From 1st April 2016 purchasers of additional residential properties which will not be used as their main residence will be hit with an additional 3% SDLT surcharge. This charge will largely impact the buy to let market and those who purchase properties for refurbishment and resale. We have provided this article to briefly explain how this new charge will be applied.
The additional 3% will be added to the existing SDLT rates which are charged at increasing rates for each part of the fixed price. The increased SDLT rate will be applied to purchases of additional residential properties where the purchase price is exceeding £40,000 and which complete on or after 1st April 2016 relating to properties in England, Wales, and Northern Ireland. SDLT does not apply to properties in Scotland. The below table highlights these changes:
The below diagram sets out the circumstances in which the new SDLT rate will apply.
As can be seen the majority of residential property transactions will not pay the higher rates of SDLT. The higher rates will never apply where, at the end of the transaction, a purchaser only owns one residential property.
Married couples and civil partners who own one property at the end of a transaction will not pay the higher rate of SDLT. However, if either of them owns more than one residential property they may pay the higher rates when purchasing another property. Purchasers in these circumstances will only need to determine whether they have replaced a main residence if they own two or more properties at the end of the transaction.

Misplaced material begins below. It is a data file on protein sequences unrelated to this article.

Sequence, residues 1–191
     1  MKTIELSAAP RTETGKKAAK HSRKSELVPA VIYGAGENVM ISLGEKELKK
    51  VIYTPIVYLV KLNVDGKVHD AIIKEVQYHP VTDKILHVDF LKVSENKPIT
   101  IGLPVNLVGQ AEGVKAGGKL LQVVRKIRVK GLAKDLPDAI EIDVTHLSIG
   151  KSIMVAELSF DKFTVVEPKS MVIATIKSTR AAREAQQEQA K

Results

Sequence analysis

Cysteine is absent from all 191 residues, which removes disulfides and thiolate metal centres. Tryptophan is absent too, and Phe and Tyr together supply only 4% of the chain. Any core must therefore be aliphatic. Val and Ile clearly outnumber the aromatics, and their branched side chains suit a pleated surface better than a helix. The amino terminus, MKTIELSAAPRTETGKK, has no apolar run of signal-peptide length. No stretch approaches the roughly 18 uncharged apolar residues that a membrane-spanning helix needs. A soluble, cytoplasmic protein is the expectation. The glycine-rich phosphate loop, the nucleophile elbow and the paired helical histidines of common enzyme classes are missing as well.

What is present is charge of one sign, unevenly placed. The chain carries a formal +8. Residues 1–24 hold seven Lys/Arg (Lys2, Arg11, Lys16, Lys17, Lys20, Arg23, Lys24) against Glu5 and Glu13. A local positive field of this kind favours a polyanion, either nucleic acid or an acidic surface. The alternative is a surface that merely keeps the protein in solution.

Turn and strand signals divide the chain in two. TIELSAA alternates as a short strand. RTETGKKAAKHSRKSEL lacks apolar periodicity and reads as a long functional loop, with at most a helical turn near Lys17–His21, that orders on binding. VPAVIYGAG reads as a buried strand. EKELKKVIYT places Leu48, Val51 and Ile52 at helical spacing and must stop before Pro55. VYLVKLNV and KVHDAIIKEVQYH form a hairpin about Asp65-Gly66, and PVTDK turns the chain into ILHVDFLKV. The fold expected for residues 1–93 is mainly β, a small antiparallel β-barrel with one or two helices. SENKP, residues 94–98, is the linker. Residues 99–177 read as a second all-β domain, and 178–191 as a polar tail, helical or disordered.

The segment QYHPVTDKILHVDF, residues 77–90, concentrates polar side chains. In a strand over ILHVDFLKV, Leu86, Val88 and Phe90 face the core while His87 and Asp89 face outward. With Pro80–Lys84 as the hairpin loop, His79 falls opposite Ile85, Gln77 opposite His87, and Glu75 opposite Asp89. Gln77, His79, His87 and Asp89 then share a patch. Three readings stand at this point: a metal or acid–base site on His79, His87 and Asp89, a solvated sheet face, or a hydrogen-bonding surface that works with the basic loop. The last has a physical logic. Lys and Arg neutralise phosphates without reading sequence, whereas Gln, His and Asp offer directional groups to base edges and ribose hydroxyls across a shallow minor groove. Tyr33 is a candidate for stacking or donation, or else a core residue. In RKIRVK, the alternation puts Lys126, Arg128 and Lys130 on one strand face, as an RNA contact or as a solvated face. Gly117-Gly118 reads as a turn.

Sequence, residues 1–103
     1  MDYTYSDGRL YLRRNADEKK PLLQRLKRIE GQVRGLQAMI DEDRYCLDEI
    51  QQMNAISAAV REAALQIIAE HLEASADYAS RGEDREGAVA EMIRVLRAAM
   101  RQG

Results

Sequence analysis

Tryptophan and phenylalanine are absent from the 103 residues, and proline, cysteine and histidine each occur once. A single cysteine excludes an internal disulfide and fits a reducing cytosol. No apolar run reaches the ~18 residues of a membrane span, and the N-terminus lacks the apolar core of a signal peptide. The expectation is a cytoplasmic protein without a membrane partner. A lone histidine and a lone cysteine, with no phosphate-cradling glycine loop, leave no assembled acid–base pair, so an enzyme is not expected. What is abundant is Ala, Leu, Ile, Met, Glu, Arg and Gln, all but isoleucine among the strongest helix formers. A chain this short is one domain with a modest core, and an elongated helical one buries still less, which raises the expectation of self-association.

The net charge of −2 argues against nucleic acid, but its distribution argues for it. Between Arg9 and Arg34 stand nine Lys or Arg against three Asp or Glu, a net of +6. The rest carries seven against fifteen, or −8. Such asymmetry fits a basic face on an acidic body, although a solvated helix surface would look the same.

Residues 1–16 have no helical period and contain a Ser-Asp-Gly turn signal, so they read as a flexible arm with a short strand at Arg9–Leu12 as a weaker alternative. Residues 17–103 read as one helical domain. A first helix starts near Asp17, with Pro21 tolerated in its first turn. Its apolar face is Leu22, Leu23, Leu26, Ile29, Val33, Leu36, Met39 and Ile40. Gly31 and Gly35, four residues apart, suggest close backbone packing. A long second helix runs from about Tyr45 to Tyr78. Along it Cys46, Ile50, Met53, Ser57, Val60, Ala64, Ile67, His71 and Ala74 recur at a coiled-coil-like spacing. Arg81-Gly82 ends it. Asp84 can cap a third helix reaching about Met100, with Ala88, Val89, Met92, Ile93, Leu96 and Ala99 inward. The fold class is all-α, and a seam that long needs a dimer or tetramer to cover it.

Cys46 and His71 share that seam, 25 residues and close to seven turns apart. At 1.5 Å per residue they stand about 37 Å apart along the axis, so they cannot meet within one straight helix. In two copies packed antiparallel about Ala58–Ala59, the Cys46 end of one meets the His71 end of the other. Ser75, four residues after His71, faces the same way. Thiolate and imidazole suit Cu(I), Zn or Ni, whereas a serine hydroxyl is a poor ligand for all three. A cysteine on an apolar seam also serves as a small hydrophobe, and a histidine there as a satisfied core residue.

HMRC will take into account a number of factors when considering whether a given property is an individual’s main residence. These will include:
where the individual and their family spend their time;
if the individual has children, where they go to school;
at which residence the individual is registered to vote;
where the individual works;
the location and degree of furnishing and location of movable possessions; or
the correspondence and registration address given to various organisations.
A purchaser will pay the higher rates of SDLT if they are not replacing their main residence and they own more than one property at completion of the transaction. If they are replacing their main residence, they will not pay the higher rates. There are certain allowances and reliefs available for purchasers moving their main residence within up to 36 months of completion.
HMRC can treat properties owned outside England, Wales or Northern Ireland as a purchaser’s main residence. If such property is not being replaced as the purchaser’s main residence by the property purchased in England, Wales or Northern Ireland the purchaser will have to pay the higher rate of SDLT on the new property.
Parents helping their children enter the property market may also be hit with the higher rates of SDLT. The additional 3% SDLT will have to be paid on properties purchased as the main residence for a child if a parent, who already has a main residence, owns an interest in the new property.
To guard against potential tax avoidance the first purchase of a residential property by a company is subject to the higher rates of SDLT.
For further information and advice, please contact Christopher Williams (email@example.com) or a member of our residential property team.